The EIS considered the environmental consequences of the alternatives on a wide variety of environmental resources. Under any alternative, sensitive resources such as endangered and threatened federal and state-listed species, cultural resources, and wetlands would be protected. Adoption of Alternative B1 would balance the competing demands of development and conservation. Development activities would cause the potential for adverse environmental impacts. However, through the inclusion of environmental safeguards to address water quality, ground water, riparian wildlife habitat, and parcel-specific protection measures, these impacts would be minimized.

During the EIS process, TVA also consulted with the Tennessee State Historic Preservation Officer (SHPO), The Eastern Band of Cherokee Indians (EB), the United Keetoowah Band, the Cherokee Nation of Oklahoma, the Tennessee Commission of Indian Affairs, the Muscogee (Creek) Nation of Oklahoma, and the Poarch Band of Creek Indians on the identification and evaluation of historic properties within the Area of Potential Effect for the Tims Ford Land Plan. Following release of the Final EIS, TVA, TDEC, SHPO, and EB executed a Memorandum of Agreement stipulating measures that will be carried out by TVA and TDEC prior to the commencement of ground-disturbing activities. This agreement allows phased identification, evaluation, and treatment of historic properties, and requires that prior to the transfer of the lands to third parties, TVA and TDEC will ensure that a preservation covenant to protect historic properties is included. These measures ensure that the effects of the Tims Ford Reservoir Land Management and Disposition Plan on historic properties have been taken into account.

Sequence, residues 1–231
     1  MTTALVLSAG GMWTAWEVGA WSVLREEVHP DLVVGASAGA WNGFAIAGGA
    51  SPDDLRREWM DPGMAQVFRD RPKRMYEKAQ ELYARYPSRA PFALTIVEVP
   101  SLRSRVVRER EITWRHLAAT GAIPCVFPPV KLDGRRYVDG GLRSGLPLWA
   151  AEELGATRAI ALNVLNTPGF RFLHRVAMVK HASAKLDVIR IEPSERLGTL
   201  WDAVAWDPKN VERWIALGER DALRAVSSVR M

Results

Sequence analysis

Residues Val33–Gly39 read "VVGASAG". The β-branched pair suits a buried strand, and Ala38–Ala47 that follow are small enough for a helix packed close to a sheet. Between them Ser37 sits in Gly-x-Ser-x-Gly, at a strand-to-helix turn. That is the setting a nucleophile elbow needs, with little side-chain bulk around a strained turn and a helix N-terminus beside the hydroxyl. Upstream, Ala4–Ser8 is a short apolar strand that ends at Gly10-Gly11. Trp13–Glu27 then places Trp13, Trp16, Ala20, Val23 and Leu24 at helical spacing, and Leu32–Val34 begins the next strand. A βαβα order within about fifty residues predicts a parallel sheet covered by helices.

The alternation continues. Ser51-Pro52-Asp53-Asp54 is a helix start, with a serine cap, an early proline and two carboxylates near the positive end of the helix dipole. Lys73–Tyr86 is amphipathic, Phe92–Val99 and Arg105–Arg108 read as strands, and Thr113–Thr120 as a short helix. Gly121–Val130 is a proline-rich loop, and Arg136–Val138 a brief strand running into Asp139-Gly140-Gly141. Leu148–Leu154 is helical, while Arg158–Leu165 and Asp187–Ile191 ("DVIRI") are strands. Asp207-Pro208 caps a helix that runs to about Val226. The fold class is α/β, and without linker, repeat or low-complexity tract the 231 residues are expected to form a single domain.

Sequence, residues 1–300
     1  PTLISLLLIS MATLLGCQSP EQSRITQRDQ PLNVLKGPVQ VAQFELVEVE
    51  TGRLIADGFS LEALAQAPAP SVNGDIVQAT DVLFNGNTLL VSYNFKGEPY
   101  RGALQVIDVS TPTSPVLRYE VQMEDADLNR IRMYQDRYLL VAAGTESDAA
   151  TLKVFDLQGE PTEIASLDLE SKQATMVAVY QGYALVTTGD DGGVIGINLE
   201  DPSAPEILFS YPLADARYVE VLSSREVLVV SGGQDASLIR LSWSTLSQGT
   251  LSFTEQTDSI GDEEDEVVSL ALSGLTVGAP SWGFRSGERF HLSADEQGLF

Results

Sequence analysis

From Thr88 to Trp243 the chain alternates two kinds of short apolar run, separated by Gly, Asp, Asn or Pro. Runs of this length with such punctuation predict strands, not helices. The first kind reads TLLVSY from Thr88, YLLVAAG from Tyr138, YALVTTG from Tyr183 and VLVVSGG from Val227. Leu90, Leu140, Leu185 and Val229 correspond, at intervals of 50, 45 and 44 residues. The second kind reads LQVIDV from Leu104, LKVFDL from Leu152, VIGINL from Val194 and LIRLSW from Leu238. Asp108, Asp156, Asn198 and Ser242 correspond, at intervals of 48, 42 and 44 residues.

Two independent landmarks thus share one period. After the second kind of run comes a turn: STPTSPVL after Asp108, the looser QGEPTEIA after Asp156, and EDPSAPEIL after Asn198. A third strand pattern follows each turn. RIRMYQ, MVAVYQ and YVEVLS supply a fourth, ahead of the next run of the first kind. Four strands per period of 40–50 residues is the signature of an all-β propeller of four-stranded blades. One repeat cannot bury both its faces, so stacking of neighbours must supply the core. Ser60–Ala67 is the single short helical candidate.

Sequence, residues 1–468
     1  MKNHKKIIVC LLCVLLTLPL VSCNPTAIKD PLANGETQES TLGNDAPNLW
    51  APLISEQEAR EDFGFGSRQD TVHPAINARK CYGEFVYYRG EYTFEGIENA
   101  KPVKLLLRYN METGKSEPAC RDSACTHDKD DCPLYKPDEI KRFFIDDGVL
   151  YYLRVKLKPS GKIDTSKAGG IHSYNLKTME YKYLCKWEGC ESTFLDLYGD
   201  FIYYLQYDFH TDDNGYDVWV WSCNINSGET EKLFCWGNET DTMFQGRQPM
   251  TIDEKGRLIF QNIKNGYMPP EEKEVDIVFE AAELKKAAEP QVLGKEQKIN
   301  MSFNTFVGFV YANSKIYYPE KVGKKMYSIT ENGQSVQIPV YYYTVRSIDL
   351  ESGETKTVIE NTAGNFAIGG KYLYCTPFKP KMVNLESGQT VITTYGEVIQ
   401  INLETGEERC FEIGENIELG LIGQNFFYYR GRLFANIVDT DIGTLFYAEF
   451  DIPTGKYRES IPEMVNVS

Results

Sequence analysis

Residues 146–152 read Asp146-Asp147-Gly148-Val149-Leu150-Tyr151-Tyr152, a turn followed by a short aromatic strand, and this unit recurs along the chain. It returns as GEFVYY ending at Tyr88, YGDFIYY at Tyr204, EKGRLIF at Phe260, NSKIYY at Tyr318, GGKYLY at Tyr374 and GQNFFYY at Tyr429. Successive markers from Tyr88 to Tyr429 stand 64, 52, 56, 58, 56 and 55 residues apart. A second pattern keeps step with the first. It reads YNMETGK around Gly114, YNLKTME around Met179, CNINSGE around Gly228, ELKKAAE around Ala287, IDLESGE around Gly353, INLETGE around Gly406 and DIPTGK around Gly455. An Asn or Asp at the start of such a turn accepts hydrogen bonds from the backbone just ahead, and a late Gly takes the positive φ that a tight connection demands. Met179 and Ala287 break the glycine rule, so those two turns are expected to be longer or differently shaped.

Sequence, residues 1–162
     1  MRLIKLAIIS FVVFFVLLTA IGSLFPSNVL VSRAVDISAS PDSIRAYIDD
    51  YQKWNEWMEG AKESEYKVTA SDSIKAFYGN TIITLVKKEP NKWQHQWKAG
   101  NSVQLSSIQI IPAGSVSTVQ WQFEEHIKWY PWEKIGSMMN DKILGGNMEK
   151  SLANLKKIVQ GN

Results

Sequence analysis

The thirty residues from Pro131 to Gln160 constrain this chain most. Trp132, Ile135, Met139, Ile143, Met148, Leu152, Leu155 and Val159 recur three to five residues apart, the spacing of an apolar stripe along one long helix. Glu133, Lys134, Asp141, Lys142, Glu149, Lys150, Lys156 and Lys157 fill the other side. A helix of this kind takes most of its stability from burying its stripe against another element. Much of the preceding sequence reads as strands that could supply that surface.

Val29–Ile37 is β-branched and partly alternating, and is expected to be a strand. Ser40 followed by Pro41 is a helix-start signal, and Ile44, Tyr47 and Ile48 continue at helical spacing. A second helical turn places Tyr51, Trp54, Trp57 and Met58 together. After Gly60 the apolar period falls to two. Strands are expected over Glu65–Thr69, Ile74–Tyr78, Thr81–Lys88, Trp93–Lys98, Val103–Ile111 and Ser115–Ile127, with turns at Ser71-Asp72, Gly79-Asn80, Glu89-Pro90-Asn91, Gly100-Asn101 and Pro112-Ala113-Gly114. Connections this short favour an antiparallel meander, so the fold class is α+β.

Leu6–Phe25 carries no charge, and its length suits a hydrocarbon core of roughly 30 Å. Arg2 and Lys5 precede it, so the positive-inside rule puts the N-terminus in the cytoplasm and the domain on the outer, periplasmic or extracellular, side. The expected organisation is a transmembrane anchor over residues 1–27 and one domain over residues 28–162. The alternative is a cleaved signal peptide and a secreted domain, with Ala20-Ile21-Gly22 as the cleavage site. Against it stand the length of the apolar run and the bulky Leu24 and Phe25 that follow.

Response to Comments on Final EIS

Appendix B of the Final EIS contains summaries of and responses to the comments TVA received during the Draft EIS process. TVA received comments from 268 individuals and organizations. TVA gave the public the opportunity to provide comments on the Final EIS, which included the Conservation Partnership approach.

A total of 7 individuals commented on the Final EIS. Most of these comments were from property owners seeking to clarify whether they had access to the water, or seeking to appeal allocation decisions in the final EIS. TVA plans to consider those requests that are consistent with the land plan.